Very occasionally, port wine stains are linked to other medical conditions. A port wine stain near your eye may be linked to raised pressure in your eye, called glaucoma. In a rare condition called Sturge–Weber syndrome, a port wine stain on the face may be linked to abnormal blood vessels in the brain.

Moles

Some babies are born with moles, but moles can also appear during childhood or young adulthood. Moles form when large numbers of pigment-making cells (called melanocytes) group together. Melanocytes make a dark pigment called melanin, which gives skin its brown colour. Moles vary in colour and size and can be raised or flat.

Some moles have hairs growing out of them.

You may be able to have a mole removed, but most moles are best left as they are. Very occasionally, a mole can become cancerous – see our section, Treatment of birthmarks.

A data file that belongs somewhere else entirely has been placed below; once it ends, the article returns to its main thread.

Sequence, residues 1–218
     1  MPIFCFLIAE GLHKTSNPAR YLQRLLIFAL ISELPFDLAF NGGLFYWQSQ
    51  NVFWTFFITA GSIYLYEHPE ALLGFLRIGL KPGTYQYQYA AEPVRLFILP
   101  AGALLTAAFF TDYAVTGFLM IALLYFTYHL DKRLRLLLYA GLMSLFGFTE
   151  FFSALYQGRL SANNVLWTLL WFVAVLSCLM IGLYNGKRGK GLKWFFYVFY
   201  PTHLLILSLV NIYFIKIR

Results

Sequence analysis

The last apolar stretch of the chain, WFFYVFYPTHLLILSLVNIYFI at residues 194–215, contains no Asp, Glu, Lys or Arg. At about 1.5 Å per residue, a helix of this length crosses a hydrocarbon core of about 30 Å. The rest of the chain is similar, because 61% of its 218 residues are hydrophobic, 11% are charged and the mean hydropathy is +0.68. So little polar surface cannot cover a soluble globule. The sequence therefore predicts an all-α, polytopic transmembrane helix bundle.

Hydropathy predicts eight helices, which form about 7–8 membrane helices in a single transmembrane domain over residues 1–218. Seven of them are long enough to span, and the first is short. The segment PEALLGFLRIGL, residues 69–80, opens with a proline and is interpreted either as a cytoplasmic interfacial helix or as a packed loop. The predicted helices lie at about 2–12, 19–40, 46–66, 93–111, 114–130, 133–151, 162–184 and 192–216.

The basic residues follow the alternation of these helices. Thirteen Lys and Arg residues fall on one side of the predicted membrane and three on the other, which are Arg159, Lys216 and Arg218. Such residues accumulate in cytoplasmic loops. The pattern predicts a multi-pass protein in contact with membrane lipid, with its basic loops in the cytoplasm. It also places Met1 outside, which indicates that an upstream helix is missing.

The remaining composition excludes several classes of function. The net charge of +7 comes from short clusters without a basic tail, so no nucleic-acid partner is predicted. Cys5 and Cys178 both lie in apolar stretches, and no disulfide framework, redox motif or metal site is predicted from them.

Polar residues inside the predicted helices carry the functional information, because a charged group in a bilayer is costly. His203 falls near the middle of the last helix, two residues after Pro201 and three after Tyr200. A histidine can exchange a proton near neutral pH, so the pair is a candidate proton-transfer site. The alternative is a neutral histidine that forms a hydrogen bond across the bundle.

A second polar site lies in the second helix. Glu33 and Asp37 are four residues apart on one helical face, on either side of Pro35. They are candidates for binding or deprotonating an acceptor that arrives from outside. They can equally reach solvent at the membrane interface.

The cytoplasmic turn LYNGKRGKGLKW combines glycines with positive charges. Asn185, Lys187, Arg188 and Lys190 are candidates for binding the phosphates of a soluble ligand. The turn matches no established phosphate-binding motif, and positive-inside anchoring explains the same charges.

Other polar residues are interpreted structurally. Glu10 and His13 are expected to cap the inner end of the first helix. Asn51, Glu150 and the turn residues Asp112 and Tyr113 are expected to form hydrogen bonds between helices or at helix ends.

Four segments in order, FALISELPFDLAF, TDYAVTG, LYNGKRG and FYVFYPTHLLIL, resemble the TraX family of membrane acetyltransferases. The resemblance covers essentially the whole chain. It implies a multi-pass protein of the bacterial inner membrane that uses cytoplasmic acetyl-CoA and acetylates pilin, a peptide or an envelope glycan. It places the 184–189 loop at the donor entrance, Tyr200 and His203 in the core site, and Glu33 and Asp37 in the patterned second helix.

Mongolian blue spot

A Mongolian blue spot is a blue or grey area of skin that appears on your baby’s bottom and lower back. Your baby may be born with it or the birthmark may appear in the first few weeks of your baby’s life.

A Mongolian blue spot is caused by pigment-making cells (melanocytes) becoming trapped deep in your baby’s skin. It can be mistaken for a bruise. Mongolian blue spots are more common in babies with darker skin and babies of Asian origin.

Mongolian blue spots usually disappear by the time your baby reaches one year.

Diagnosis of birthmarks

Most birthmarks don’t need to be checked by a doctor. But if you’re worried about your child’s birthmark, book an appointment to see your GP. You should also see your GP if a birthmark: